She was one of the first African-American women to serve overseas in the U.S. Army. On Monday, 97-year-old Indiana Hunt-Martin will be featured in the National Memorial Day Parade, along with other members of her battalion.
Hunt-Martin served in the little-known unit known as the 6888th Central Postal Directory Battalion, along with 843 others. They were all women and all African-American.
In 1945, they deployed to Birmingham, England. Their mission: to sort through the millions and millions of letters and packages intended for American GIs serving overseas.
"We worked on the mail. You should have seen the pile; oh gosh, boxes falling apart," recalled Hunt-Martin, now a resident of Laurel, Maryland.
Born in Lyons, Georgia, in 1922, Hunt-Martin moved to Niagara Falls, New York, with her family as a small child. She graduated from Niagara Falls High School in 1940 and worked at the Carborundum Company before joining the Women’s Army Corps (WAC) on Sept. 15, 1944, because she wanted to help in the war effort and she needed a good job.
"Usually the only jobs we could get were cleaning jobs, babysitting ... You could not work in the stores or banks or anything," Hunt-Martin said.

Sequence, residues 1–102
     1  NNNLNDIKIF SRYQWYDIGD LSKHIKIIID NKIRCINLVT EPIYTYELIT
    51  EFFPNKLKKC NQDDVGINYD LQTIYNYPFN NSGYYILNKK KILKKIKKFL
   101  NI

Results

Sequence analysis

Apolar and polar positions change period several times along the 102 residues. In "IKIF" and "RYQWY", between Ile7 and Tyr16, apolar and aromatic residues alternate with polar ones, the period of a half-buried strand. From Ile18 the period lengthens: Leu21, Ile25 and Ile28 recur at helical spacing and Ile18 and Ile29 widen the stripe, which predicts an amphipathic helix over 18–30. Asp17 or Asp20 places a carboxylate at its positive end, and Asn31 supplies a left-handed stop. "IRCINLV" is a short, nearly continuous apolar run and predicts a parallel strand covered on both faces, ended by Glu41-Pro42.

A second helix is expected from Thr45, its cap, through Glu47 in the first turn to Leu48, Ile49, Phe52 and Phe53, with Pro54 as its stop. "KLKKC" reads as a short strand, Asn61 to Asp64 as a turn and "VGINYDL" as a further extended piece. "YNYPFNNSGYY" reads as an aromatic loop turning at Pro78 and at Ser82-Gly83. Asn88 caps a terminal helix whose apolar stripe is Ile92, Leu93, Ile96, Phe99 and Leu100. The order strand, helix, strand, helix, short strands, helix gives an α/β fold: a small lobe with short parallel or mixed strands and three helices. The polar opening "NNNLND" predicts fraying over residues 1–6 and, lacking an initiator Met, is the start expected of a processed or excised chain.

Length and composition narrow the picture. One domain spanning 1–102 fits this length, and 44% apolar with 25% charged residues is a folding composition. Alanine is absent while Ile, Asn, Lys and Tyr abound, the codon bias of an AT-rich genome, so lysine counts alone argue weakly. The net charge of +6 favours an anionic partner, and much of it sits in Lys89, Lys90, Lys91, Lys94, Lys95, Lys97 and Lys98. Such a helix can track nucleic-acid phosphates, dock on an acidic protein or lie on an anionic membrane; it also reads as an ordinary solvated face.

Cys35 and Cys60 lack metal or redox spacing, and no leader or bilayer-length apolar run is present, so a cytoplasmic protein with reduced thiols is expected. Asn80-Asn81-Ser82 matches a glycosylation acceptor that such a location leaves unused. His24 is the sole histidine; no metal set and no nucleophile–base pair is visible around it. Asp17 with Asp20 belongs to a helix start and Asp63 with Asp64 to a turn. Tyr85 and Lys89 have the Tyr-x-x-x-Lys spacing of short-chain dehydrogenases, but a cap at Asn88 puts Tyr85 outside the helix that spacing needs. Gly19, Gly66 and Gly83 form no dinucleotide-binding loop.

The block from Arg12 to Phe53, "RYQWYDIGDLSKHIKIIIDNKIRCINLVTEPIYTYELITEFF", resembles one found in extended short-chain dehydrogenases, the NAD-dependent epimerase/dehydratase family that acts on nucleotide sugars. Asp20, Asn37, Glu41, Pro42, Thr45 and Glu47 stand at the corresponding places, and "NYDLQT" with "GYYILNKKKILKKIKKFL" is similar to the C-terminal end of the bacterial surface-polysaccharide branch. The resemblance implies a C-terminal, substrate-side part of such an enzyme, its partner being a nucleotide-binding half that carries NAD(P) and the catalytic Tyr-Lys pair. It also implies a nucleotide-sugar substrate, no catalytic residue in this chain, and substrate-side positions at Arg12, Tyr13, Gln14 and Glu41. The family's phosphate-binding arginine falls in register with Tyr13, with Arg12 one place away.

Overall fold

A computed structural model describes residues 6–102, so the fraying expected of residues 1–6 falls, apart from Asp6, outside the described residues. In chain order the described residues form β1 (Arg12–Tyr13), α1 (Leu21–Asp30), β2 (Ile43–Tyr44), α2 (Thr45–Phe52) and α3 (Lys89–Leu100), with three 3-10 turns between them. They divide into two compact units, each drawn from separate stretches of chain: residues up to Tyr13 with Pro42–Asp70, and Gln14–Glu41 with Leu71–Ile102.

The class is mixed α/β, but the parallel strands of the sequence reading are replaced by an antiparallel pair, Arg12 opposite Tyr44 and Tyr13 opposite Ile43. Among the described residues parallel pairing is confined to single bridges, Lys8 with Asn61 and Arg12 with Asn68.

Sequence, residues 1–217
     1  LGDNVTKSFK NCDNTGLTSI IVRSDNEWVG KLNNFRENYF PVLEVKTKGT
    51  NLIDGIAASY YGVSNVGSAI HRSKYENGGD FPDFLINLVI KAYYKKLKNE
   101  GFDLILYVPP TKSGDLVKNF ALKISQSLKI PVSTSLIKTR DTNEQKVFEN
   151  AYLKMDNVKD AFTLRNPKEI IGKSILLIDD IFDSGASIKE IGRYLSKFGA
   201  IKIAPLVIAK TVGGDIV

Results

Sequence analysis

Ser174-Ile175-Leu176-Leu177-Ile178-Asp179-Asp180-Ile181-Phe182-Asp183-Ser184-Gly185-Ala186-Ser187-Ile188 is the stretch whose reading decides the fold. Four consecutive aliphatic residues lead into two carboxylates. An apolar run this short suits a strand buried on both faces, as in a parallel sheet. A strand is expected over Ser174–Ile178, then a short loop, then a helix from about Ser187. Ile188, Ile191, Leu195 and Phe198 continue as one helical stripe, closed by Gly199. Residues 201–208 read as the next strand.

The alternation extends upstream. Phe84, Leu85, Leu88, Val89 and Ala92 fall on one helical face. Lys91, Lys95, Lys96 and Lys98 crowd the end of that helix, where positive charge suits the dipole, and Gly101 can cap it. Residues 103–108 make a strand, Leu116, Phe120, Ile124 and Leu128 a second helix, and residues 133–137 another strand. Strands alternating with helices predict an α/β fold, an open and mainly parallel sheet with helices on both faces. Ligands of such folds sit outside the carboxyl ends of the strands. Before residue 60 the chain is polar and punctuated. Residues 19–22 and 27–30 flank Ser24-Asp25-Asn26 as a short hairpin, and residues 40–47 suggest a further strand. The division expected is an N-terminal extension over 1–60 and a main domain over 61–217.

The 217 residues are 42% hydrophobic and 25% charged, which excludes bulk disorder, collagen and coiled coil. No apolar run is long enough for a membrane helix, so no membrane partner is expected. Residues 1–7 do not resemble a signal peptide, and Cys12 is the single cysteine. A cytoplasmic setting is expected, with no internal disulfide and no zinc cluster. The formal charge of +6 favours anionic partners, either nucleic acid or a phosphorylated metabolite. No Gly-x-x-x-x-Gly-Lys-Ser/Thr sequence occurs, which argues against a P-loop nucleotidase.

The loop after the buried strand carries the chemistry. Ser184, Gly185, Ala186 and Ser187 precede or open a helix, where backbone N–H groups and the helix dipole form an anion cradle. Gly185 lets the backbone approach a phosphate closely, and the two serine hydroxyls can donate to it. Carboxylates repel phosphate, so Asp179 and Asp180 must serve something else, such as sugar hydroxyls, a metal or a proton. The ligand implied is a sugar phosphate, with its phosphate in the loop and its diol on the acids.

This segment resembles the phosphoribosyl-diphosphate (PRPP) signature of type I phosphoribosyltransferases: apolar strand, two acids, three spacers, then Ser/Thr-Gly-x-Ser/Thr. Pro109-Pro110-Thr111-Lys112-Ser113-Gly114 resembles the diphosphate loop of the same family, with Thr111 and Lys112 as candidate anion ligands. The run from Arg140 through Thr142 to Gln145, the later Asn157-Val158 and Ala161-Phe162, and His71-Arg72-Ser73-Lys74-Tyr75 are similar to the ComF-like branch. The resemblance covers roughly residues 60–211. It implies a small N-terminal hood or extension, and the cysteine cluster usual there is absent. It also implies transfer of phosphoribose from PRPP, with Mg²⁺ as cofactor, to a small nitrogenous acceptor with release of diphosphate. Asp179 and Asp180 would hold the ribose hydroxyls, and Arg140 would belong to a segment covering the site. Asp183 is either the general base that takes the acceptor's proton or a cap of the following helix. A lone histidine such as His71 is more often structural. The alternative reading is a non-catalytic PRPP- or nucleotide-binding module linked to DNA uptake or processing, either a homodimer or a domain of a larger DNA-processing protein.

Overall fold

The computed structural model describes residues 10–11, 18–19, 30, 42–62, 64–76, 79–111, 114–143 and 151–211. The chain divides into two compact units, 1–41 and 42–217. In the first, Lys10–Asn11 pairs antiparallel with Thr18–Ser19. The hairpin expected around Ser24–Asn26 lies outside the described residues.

The members of the 6888th faced racism here in the U.S.
Hunt-Martin recalls taking the train to Fort Oglethorpe in Georgia for basic training: "We rode all the way to Washington, D.C. In Washington we had to change trains, because from there down, you didn't ride in the same trains as the whites."
And she remembers the air raids: "That was right outside of London; we could see the bombs when the Germans were bombing."
Hunt-Martin was honorably discharged from the U.S. Army in November 1945. After the war, she worked for the New York State Department of Labor for more than four decades before retiring in 1987.
Hunt-Martin saved mementos from her time serving overseas, including items given to her by soldiers coming back from the front lines.
She also still has part of her uniform — which still fits.
As for whom she'll be thinking about on Memorial Day: her brothers and her nephew. "I always thought about them on Memorial Day and all the other soldiers that didn't make it back," she said.
"It's a day to remember, I can tell you that, 'cause those boys gave their lives for our country," she said. "They should be getting medals; they should be getting something."
Hunt-Martin, who has a daughter and a grandson, still keeps in touch with other surviving members of the 6888th. They're all featured in a new documentary.